SCEC Award Number 18059 View PDF
Proposal Category Collaborative Proposal (Integration and Theory)
Proposal Title Atmosphere Processes Coupling to the Solid Earth: Quantification of Seismic Signals Emerging from Weather Related Events
Name Organization
Frank Vernon University of California, San Diego Yehuda Ben-Zion University of Southern California
Other Participants Chris Johnson
Lei Qin - Graduate student
SCEC Priorities 3g, 3a, 5e SCEC Groups Seismology, GM
Report Due Date 03/15/2019 Date Report Submitted 03/14/2019
Project Abstract
Analysis of continuous seismic waveforms recorded by a temporary deployment at Sage Brush Flats on the San Jacinto fault zone reveal earthquake- and tremor-like signals generated by the interac-tion of wind with obstacles above the surface. Tremor-like waveforms are present at the site during wind velocities above 2 m/s, which occur for 70% of the deployment duration. The wind-related sig-nals produce ground velocities that exceed the average ground motions of M1.0-1.5 earthquakes for 6% of the day. Waveform spectra show a modulation of the amplitude that correlates with the wind velocity and distance from local structures shaken by the wind. The earthquake-like signals are present within the tremor-like waveforms as impulsive bursts. Earthquake-like signals are found to originate from the vegetation and local structures, and are modified on length scales of 10’s of me-ters. Transient signals originating beyond the study area are also observed with amplitudes greater than some microseismic events. The ground motions generated by the wind contribute to local high-frequency seismic noise that is different than the global ambient noise. During elevated wind condi-tions a borehole seismometer at a depth of 148 m shows increased energy in the 1-8 Hz band that is commonly used for earthquake and tremor detection. Some of the wind-related signals recorded by the borehole sensor may be associated with small failures of the subsurface material. The wind-related earthquake- and tremor-like signals should be accounted for in earthquake detection algo-rithms due to the similar features in both the time and frequency domain.
Intellectual Merit We address the SCEC5 Research Priorities by characterizing common signals in seismic waveforms emerging from atmosphere coupling to the solid Earth. While atmospheric coupling is not explicitly stated, the proposed project investigates seismic signals coupling to the shallowest portion of the crust and will improve the interpretation of signals extracted from data sets that are used to image structures and seismic sources. The research on non-tectonic signals observed in the data that could be misinterpreted as tremor or overlooked at station noise will contribute directly to research priorities of the seismology disciplinary group.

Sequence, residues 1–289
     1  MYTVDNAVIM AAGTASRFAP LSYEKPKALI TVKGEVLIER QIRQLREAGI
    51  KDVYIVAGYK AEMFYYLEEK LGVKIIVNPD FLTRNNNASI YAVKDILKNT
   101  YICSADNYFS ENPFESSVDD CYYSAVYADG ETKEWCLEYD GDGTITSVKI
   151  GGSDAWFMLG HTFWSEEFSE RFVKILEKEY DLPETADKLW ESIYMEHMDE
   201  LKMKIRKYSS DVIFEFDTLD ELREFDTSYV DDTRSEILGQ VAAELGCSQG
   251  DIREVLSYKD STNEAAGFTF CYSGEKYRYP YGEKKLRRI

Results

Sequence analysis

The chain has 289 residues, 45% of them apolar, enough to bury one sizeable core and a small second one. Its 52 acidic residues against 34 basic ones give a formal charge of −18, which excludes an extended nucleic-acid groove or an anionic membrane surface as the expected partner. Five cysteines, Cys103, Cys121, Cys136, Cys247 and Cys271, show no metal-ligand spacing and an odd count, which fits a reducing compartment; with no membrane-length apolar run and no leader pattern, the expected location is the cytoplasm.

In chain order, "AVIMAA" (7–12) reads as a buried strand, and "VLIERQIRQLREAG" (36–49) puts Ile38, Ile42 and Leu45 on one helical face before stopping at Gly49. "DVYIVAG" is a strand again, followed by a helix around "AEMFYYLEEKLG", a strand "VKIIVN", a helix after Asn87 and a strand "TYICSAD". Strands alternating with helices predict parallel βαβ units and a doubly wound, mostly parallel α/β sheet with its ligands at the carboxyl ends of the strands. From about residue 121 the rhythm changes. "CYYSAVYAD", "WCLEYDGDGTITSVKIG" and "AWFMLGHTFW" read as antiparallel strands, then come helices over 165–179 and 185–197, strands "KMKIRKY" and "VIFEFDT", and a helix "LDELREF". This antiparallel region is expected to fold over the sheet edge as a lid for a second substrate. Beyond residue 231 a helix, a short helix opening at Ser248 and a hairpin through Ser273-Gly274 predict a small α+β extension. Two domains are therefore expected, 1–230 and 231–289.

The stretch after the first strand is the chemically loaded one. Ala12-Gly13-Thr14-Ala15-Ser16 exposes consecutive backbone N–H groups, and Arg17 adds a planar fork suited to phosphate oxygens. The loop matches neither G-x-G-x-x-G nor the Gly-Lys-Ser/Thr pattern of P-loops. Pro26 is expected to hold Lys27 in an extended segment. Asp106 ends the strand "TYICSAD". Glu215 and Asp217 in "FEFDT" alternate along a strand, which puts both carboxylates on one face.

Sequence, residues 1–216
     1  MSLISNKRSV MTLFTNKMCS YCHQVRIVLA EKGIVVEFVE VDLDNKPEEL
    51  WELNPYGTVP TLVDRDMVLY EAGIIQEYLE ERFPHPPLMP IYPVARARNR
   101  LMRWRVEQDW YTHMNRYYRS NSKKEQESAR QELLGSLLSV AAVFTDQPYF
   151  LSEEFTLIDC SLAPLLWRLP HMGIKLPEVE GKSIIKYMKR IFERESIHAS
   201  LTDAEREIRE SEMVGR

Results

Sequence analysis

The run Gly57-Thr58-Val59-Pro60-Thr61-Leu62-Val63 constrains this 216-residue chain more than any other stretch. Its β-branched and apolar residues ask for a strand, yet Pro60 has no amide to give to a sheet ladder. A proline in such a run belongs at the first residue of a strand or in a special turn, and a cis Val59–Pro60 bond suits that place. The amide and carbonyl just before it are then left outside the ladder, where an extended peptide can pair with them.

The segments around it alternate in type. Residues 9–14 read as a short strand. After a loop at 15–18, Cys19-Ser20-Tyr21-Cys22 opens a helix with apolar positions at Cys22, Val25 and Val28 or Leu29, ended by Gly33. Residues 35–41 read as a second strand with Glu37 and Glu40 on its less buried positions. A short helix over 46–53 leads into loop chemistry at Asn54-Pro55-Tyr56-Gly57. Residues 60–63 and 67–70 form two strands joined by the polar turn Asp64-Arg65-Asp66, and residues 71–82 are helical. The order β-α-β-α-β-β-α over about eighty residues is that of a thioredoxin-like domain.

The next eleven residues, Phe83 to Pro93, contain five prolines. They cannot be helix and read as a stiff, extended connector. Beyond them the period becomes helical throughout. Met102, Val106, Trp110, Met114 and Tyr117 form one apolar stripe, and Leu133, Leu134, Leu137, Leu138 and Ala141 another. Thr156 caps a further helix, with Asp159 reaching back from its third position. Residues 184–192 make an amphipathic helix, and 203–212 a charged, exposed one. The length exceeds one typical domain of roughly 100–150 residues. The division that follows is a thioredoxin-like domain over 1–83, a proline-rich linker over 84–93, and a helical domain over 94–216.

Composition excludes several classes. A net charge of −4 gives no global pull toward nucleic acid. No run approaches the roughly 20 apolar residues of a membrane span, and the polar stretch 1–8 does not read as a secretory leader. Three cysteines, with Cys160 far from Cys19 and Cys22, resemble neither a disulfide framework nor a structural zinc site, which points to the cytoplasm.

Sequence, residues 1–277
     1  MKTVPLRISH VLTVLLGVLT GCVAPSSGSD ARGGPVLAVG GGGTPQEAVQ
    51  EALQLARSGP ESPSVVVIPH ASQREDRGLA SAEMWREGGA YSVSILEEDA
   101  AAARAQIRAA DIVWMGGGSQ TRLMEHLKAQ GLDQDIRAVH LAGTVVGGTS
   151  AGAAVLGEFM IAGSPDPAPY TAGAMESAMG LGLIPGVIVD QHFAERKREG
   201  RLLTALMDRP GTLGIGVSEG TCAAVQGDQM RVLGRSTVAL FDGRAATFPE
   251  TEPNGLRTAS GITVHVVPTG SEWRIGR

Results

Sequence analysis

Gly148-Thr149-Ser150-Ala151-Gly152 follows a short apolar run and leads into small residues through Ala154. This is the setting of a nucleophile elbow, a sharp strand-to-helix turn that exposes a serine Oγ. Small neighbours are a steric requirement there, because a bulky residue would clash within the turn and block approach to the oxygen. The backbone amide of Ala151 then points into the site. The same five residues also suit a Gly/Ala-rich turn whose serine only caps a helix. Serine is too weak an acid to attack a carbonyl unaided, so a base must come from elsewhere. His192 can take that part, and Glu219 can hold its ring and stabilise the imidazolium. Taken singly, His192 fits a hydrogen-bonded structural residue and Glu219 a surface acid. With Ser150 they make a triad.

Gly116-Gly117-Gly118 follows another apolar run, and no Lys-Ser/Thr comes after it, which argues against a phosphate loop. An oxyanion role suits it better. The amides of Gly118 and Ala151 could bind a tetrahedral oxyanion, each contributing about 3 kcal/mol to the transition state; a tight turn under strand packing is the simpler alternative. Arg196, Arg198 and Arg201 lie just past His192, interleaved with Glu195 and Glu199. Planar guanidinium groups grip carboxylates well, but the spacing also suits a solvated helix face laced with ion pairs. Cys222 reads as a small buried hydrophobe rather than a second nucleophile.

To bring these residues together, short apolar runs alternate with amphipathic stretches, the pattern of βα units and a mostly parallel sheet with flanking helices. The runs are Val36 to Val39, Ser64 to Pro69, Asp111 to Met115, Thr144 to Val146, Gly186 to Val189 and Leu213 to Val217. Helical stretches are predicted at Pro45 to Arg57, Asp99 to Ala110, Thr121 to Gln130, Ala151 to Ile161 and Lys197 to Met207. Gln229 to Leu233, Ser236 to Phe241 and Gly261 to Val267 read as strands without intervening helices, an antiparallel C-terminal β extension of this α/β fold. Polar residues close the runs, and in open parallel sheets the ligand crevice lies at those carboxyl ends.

Broader Impacts The seismic hazards of active plate boundary faults will affect more individuals as the population of California continues to increase. This project improves the ability to identify new classes of wave-forms generated by wind interaction with the surface to characterize ground motions in the shallow crust. An improved understanding of shallow crustal properties will further our understanding of the rheology of the upper 100’s of meters of the surface. Identifying new classes of waveforms will aug-ment existing studies mining seismic waveforms to detect microseismicity.

The project has supported a USC graduate student and fostered collaborations for that student with Christopher W Johnson, a postdoc in the SCEC scientific community. The collaborations developed by young scientist is integral to the advancement of new ideas and research directions.
Exemplary Figure Figure 2. (a) Daily trace of vertical velocity filtered between 5-20 Hz for node 01.33 during DOY 50 shown with the 1-minute average wind velocity (green) and maximum wind velocity (blue) to display the tremor-like signals produced by wind interacting with the vegetation. The red lines correspond to the time of the east, north, and vertical waveforms shown at (b) 01:27:46 UTC and (c) 11:14:48 UTC which exhibit earthquake-like waveforms within the tremor-like signals.

Figure produced by Christopher W Johnson and submitted to JGR for publication.